Lisbon's most monumental and historical area is Belem. It was from here that many of the great Portuguese explorers embarked on their voyages of discovery: Prince Henry the Navigator and the first overseas expedition to conquer Ceuta in Morocco, Bartholomeu Dias to round the Cape of Good Hope, the first voyages of Ferdinand Magellan, Vasco da Gama to discover the sea route to India, and Christopher Columbus stopped here on his way back to Europe after discovering the New World.
During this time Lisbon flourished with riches pouring into Portugal and saw the construction of great monuments like the Belem Tower and Jeronimos Monastery. Today these monuments and their surrounding museums are essential viewing for any visitor.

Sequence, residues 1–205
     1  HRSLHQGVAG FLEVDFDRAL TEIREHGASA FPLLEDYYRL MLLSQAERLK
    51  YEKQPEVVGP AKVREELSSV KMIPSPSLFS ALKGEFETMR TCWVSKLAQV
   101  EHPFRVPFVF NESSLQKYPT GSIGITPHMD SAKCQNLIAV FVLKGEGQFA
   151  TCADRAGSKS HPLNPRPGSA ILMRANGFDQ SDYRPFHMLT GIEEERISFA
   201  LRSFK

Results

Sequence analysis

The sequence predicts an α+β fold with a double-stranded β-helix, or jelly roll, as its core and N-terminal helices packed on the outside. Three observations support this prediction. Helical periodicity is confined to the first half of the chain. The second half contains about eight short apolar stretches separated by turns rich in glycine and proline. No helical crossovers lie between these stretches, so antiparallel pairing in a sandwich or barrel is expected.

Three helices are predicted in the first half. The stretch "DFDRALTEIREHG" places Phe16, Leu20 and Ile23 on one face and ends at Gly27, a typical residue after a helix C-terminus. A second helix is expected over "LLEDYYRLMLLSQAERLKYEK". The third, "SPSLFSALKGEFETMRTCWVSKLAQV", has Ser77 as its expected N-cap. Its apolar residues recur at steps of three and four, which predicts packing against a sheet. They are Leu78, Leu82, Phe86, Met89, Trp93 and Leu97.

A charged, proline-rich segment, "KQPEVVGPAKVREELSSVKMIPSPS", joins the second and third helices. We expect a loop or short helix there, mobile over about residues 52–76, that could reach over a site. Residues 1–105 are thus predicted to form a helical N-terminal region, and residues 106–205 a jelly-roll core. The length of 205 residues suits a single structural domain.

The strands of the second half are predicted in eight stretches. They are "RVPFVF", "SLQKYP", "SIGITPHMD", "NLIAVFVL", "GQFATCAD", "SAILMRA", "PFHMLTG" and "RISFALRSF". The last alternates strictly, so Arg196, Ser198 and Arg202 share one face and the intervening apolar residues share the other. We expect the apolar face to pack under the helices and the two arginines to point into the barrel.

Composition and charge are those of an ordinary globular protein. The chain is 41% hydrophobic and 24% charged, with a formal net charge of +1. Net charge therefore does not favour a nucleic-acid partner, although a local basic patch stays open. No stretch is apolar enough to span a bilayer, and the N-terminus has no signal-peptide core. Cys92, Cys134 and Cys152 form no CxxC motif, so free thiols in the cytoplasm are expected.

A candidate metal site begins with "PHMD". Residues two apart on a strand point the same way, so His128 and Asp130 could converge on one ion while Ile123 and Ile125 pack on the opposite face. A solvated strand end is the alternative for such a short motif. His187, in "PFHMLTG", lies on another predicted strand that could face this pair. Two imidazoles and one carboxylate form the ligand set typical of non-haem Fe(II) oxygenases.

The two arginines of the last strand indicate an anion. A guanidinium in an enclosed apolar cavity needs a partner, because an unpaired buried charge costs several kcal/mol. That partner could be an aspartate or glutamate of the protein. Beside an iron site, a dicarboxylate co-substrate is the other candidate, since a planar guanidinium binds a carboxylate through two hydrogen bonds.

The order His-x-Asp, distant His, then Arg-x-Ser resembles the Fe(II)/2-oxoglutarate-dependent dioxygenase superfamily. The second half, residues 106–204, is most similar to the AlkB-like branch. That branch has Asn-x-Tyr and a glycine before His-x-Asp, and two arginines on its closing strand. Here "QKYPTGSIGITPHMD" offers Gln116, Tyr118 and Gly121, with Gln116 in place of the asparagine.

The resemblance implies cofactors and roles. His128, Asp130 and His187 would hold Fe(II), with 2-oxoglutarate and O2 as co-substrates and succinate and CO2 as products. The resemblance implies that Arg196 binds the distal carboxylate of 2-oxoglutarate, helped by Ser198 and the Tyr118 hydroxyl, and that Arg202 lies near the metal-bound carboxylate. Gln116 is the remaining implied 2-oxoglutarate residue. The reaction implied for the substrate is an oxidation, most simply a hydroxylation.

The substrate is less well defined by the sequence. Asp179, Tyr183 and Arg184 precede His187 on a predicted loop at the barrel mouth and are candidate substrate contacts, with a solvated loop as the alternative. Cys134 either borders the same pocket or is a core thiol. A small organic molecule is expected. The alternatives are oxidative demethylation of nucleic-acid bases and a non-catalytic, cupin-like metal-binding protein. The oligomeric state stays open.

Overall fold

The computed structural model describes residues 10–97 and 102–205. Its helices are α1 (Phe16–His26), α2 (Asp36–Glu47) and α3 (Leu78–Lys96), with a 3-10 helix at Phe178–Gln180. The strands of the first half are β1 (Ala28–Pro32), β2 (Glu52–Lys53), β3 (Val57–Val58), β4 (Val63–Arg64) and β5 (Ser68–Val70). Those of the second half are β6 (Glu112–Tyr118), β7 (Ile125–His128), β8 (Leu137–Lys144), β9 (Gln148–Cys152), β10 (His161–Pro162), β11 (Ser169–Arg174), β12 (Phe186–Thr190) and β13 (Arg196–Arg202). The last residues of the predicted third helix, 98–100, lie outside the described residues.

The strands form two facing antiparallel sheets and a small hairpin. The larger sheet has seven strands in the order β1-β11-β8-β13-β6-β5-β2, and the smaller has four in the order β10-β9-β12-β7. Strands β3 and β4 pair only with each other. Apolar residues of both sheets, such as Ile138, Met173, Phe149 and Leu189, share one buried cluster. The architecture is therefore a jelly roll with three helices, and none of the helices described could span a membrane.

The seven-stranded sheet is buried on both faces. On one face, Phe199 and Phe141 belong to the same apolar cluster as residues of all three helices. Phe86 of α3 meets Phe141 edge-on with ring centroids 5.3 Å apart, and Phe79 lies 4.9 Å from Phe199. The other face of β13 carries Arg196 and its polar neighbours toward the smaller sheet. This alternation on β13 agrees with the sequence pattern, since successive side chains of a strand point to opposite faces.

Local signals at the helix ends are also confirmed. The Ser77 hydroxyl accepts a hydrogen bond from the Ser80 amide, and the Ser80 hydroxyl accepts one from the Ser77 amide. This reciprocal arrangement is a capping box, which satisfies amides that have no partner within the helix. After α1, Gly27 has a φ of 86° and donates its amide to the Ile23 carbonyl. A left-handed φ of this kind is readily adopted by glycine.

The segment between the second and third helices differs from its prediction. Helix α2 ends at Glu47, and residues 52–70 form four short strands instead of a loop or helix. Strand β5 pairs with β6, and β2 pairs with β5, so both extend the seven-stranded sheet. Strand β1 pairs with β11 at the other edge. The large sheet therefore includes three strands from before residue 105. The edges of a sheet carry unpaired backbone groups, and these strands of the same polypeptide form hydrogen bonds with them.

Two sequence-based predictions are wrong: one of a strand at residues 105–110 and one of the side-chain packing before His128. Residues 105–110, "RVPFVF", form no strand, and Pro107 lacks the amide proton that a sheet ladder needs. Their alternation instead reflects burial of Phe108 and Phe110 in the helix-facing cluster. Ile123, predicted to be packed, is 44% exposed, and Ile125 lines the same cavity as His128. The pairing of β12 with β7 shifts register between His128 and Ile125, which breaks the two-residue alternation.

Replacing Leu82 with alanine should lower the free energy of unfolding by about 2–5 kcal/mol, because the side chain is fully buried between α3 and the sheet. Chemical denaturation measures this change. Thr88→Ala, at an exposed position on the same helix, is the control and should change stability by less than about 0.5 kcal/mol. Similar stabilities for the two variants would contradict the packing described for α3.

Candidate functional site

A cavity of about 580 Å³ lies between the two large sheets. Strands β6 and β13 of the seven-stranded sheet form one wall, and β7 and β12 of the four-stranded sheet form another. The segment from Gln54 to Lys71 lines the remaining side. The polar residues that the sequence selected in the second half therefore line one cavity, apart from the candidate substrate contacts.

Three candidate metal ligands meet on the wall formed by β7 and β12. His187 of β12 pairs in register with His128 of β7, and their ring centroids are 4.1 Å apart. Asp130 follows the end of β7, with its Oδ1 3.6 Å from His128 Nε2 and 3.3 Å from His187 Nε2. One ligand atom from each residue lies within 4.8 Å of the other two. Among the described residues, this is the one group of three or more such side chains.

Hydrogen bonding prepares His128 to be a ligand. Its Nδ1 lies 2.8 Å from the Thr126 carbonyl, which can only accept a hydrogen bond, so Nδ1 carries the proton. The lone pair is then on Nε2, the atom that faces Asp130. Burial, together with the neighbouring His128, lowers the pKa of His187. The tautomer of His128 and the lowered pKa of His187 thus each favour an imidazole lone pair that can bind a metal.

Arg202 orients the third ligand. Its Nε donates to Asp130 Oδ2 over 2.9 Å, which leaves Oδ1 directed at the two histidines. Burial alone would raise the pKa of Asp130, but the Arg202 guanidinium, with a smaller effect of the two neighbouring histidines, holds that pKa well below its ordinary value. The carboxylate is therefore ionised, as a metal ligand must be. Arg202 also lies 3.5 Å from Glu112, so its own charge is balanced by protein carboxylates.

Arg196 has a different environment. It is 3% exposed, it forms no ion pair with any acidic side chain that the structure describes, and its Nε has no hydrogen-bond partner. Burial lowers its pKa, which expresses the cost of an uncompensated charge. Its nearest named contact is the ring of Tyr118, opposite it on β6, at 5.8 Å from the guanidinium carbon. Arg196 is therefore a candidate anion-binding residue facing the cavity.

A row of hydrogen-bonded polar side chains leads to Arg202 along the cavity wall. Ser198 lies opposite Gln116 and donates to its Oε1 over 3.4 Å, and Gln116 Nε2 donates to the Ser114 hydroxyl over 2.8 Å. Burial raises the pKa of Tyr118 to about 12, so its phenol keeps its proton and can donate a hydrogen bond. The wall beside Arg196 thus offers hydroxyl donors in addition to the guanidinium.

With so much to see, the Ajuda Palace and its ostentatious interior is often overlooked, but combined with the opulence of the popular Coaches Museum, it's the best place to see the regal grandeur of 18th century Lisbon and of the European royal families.
For short breaks there are cafes housed in attractive traditional houses with outdoor sitting along Rua Vieira Portuense next to the garden in front of Belem Palace. But the best place for a drink and pastries is the cafe Antiga Confeitaria de Belem which has been serving delicious custard tarts in its rooms adorned with tiles since 1841. You can have a few inside or buy a dozen to savor by the riverfront as you admire the monuments, the river, and 25 de Abril Bridge.